Are FAS 133 and Falling Rates a Toxic Mix for Portfolio Managers?
For some lenders, the implementation of tough new accounting rules for treatment of hedging activities followed by a prolonged period of falling interest rates has proven to be a disastrous combination.
Take, for instance, Matrix Bancorp. of Denver. Matrix reported an after-tax net loss for the third quarter of this year totaling $5.2 million, reflecting several writedowns related to the company's mortgage servicing portfolio.
Specifically, the company took an aggregate charge of $9.6 million against the value of its mortgage servicing rights and $8 million of that was in the form of a non-cash impairment reserve against the company's investment in MSRs, increasing the total impairment reserve to $9.4 million. The company also increased its amortization of mortgage servicing rights by $900,000 from the second-quarter level.
In a statement issued by the company, co-CEO and chairman Richard Schmitz acknowledged that the third quarter was a difficult one for the company, and he placed the blame squarely on the company's investment in MSRs.
"Due to the high level of amortization, which is in response to increased prepayments, our investment in mortgage servicing has been very unprofitable this year," he said.
Matrix's timing wasn't very good it turns out. In the spring of 2001, perhaps believing that the era of constant refinancing had come to a close, the company decided not to hedge its servicing portfolio "due to the difficulty of achieving hedge accounting and the overall cost of maintaining a hedging program," Mr. Schmitz said.
In the third quarter of this year, having been already smitten pretty badly by prepayments, Matrix revisited the issue. But the accounting treatment under Financial Accounting Standard 133, the historically low rate environment, and the cost of instituting a hedging program once again forced the company to look at other options.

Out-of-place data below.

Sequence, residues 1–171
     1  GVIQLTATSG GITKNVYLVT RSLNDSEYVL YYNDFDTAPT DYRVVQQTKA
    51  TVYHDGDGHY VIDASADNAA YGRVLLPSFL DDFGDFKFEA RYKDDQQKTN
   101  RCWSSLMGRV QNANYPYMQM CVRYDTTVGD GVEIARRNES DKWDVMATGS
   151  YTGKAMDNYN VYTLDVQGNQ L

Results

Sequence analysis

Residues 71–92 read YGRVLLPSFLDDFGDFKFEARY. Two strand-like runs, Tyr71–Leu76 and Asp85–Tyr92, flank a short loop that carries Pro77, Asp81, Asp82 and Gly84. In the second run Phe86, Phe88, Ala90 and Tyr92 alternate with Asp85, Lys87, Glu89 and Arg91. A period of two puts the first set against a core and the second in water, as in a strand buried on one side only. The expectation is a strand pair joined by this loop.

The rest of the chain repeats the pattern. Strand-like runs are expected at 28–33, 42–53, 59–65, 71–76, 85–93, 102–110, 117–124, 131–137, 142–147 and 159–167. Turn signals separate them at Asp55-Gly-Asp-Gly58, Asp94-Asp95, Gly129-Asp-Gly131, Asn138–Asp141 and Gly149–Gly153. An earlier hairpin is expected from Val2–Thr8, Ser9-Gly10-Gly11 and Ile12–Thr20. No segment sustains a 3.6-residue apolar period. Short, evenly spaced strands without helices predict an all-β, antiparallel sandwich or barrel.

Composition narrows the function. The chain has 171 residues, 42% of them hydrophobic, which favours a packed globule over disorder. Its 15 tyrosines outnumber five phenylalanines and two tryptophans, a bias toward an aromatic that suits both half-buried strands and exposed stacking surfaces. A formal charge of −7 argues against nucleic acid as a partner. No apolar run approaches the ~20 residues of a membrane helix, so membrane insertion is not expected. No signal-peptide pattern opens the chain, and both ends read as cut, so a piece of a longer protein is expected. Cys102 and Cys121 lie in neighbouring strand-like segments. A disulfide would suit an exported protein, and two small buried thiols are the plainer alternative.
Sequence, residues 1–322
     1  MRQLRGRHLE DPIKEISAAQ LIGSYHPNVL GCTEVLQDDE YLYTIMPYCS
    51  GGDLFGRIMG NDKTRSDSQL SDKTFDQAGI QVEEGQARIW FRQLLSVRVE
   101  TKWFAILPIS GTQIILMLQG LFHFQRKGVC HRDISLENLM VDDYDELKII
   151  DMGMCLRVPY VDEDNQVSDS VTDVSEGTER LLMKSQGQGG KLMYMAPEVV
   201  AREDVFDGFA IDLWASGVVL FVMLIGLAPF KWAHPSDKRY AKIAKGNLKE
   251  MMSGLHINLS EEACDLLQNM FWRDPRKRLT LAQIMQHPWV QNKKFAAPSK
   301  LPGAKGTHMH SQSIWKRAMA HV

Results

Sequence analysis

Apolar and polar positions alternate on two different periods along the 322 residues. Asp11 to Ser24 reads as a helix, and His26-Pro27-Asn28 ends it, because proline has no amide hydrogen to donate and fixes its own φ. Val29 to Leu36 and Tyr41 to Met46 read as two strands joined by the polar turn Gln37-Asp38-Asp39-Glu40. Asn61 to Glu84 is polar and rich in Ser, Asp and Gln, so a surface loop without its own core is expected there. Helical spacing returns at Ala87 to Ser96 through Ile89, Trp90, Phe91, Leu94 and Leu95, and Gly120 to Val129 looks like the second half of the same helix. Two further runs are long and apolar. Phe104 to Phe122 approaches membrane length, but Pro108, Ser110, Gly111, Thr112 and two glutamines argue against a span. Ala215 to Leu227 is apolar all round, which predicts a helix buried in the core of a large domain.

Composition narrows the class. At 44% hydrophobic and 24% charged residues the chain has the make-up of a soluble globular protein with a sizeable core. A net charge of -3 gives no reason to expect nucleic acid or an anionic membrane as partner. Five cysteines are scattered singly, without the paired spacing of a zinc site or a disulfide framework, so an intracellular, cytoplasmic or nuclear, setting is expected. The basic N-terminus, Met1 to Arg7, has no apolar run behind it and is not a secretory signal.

Beginning in August, the company started selling the majority of its newly originated mortgage servicing rights "with the intent of significantly decreasing our investment in mortgage servicing rights over the next several quarters," Mr. Schmitz said.
As market conditions allow, the company said it might make strategic sales of MSRs to further reduce its risk exposure.
"We anticipate that once interest rates begin to rise, we will recover a portion, if not all, of our impairment reserve," Mr. Schmitz said.
Mark Spencer, the company's other co-CEO, said it is unfortunate that the servicing rights impairment "may tend to overshadow some very positive trends" experienced by Matrix in the quarter, including growth in the company's real estate disposition services business.
Matrix's predicament is instructive not because it is unique, but because it is common among midsize mortgage servicers. The cost and complexity of hedging can discourage lenders from doing it - leaving them vulnerable to shocks to their earnings stability when rates fall and refinancing picks up.
That leaves lenders facing a choice, either live with the balance sheet instability that choosing not to hedge entails, or sell off servicing rights and minimize your exposure.
My guess is that when the dust settles from the rolling refinancing boom of 2001 and 2002, an awful lot of midsize lenders will choose to re-evaluate their commitment to the mortgage servicing business.
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